Born in 1781 in Brittany, France, Rene Laënnec (1781-1826) was the doctor who invented the stethoscope.
In 1816, Dr. Laënnec was treating a young woman who complained of symptoms that were comparable to those experienced by a person with heart disease. The traditional method used to confirm this diagnosis was a technique called immediate auscultation (the action of listening to sounds from the heart, lungs, or other organs), which would have required Laënnec to place his head on the woman’s chest. Due to the patient’s sex and young age the doctor was too embarrassed to listen to her heart using this method. Instead, he remembered one of the tenets of acoustics and decided to roll a pad of paper into the shape of a cylinder and situate it between the woman’s chest and his ear. It is suggested that his invention was inspired by his experience as a skilled flutist and woodworker.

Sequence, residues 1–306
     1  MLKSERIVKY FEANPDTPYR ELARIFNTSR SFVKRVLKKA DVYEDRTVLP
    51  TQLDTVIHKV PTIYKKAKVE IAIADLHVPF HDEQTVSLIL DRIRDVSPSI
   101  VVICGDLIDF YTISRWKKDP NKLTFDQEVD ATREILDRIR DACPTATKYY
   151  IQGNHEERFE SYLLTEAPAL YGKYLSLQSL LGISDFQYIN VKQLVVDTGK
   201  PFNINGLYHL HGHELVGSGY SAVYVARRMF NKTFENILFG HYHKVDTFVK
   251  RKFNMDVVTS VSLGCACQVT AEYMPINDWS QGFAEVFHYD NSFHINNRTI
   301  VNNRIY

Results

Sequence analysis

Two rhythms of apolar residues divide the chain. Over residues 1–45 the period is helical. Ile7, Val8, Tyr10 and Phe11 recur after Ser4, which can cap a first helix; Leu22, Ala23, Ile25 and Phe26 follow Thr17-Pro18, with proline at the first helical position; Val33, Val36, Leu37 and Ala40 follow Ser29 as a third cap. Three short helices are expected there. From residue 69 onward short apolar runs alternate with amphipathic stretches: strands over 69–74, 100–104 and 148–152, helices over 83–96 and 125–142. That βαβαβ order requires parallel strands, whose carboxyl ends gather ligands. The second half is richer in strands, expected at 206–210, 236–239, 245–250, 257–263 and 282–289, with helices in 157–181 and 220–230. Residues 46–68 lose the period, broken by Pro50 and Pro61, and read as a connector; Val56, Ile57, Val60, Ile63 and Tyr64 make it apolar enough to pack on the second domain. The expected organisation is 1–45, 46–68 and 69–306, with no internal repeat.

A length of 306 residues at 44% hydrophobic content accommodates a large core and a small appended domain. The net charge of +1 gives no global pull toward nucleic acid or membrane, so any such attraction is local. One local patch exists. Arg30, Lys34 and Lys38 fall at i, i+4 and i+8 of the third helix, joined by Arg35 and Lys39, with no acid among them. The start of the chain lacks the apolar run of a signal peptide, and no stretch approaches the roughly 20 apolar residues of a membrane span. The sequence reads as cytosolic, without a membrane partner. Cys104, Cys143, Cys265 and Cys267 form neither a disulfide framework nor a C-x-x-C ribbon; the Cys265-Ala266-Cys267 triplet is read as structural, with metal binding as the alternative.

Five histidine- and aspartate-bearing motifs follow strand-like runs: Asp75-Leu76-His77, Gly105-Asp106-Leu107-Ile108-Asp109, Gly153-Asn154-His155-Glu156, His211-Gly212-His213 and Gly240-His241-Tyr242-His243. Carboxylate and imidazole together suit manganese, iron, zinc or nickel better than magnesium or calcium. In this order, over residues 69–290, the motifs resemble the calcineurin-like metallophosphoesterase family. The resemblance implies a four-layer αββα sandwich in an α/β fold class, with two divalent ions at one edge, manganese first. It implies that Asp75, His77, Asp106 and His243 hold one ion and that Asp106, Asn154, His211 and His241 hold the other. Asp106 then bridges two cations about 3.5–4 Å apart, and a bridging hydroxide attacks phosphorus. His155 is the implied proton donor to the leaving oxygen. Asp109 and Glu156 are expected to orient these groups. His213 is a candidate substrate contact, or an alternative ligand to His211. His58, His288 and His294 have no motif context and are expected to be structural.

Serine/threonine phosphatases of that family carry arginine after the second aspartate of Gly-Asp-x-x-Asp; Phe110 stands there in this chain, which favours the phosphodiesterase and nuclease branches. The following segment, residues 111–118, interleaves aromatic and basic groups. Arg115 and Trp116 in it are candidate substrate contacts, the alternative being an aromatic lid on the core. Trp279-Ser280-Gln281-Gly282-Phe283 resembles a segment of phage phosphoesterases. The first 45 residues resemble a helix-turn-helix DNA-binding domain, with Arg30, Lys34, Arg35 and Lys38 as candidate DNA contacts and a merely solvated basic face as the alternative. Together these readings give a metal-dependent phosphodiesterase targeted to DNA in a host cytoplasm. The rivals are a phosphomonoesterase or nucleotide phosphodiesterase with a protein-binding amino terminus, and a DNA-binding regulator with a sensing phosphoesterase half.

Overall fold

The doctor was astonished by what he heard: this tube amplified the sounds of his patient’s heart! Laënnec realized that he had created an instrument that could be utilized to study the sounds of the human chest cavity. After three years of testing, the doctor designed the first stethoscope (derived from the Greek words “stethos” for chest and “skopein” for examine), which was a hollow wooden tube that measured 3.5 cm in diameter and 25 cm long. Using his instrument Laënnec identified two classes of normal lung sounds and five classifications of abnormal lung sounds. He was also the first to describe the auscultation of many thoracic diseases including pneumonia, pneumothorax and emphysema. Through his scholarship, Rene Laënnec introduced clinical terminology and methodology that are still used in medicine and has been named the father of clinical auscultation.
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